Indigenous drag performers Ana Diction (Harley Dunolly-Lee) and Zodiac (Zac Widders) were both crowned winners at the inaugural NAIDOC LGBTI pride event in Victoria last year.
Now, they’ll represent the community on the Indigenous float at Melbourne’s Pride March, and will be ambassadors at Midsumma Festival.
Matthew Wade caught up with the pair to talk drag, visibility, and the Indigenous queer community.
How did you first get involved in drag?
AD: My partner, who was formerly known as Dignity Subtly Stript, inspired me to do drag and I performed at the Outblack’s 20th anniversary. From then on I decided to continue doing drag and performing onstage.
Z: The first time I ever really did drag was in boarding school when my friend bought a cheap $8 wig from the Reject Shop and we dressed up and ran around the corridors dancing to Kesha. But the first time I ever really performed in drag was at the NAIDOC Pride event. Other than that, I was just everyone’s cross-dressing friend who would look hotter than the bio girls at every event.
What was NAIDOC Pride like?
AD: I really enjoyed it. It was great to show the community my craft.
Z: NAIDOC Pride was heaps of fun. Having a venue packed full of other blackfullas is always going to be fun and no-one parties better than the queers, so it was an absolute ball. But it was also really incredible that it was the first event of its kind and had such a good turnout.
Are you hoping to bring visibility to queer Indigenous communities through your performances?
AD: Yes, because I want to project meaning through my drag. The meaning being that you can take your drag to any art form possible.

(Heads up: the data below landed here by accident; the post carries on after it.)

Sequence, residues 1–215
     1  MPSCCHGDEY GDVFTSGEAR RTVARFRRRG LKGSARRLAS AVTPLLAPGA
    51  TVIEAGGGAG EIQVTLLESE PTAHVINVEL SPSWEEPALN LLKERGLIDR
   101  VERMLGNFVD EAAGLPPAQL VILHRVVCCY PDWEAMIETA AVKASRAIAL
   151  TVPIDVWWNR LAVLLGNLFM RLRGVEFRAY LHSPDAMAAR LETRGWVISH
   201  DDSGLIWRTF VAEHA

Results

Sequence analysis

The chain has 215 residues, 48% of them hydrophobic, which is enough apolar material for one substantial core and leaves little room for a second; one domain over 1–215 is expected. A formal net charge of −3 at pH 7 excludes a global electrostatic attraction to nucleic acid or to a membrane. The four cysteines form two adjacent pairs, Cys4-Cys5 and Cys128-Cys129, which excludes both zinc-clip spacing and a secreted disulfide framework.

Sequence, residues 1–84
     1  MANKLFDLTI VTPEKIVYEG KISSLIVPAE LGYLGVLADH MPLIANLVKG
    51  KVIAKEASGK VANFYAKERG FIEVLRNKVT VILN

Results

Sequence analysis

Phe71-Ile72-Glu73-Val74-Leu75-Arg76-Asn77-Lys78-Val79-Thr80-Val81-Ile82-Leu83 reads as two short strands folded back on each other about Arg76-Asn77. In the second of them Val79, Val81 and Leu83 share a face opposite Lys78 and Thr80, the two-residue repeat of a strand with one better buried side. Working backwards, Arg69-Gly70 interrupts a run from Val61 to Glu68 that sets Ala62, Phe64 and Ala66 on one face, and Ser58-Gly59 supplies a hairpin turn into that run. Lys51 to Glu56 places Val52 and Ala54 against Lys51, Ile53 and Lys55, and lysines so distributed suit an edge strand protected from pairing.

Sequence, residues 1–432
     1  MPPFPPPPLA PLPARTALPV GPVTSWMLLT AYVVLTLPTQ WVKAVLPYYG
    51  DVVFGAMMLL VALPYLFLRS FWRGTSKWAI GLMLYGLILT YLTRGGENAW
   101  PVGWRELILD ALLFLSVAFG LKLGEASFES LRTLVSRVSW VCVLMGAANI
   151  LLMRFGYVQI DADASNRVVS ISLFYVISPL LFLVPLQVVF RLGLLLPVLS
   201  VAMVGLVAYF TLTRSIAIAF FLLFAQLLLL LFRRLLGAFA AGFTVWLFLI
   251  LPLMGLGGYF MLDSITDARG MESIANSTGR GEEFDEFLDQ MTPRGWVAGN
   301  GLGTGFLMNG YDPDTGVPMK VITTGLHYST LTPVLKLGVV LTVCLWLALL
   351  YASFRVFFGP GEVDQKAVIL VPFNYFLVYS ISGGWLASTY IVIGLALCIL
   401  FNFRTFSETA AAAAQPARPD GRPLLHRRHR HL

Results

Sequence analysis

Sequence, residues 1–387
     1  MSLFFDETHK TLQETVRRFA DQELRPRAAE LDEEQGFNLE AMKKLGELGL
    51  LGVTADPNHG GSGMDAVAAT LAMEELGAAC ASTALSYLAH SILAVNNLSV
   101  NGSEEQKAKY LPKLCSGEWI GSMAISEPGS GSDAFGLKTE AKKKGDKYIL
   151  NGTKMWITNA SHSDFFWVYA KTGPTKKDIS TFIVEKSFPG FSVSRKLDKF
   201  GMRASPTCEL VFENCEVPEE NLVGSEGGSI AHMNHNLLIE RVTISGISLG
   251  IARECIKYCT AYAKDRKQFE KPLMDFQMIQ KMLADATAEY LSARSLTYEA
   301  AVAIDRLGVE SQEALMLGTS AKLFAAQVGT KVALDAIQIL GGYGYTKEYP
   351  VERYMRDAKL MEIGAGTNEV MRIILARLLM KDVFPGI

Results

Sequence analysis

Z: I think visibility is very important and I’m so honoured to be able to give visibility to both the Indigenous community as a queer person, but also to the queer community as an Indigenous person. I’m hoping I can make both communities proud.
What’s an issue in the queer Indigenous community you feel most passionate about?
AD: Suicide among queer people in the community. This has been going on for years. My cousins who are twice my age told me that many of their gay relatives committed suicide when they were young. This was the situation growing up in the country and in the mission.
Z: Mental health and suicide. Indigenous people already have alarmingly high suicide rates, well above the national average, and young queer people too. While there isn’t a lot of data, sitting at the intersection of these two communities, queer Indigenous people face these issues tenfold. This is why I feel very passionate about this role and giving visibility to queer Indigenous people.
How will you be involved in Midsumma this year?
AD: I have entered the Miss Gay Australia International Pageant. My advocacy for the pageant is violence against Aboriginal women. I will also be performing at a few events.
Z: I’ve got a few performances and a few appearances. I would highly recommend coming to watch. I don’t want to give too much away but there will be Madonna involved and maybe a backflip or two.
What message are you hoping to send to the broader community?
AD: My message is always the same. Take your drag to where you want it to go. Act, talk, and look the way you want to it to be. It is self expression. It is a working progress and nothing is wrong with trial and error. Always stick to your heart and dreams.
Z: I’m hoping to send a message of inspiration to the broader community. That queer blackfullas exist and we are strong, proud, and deadly.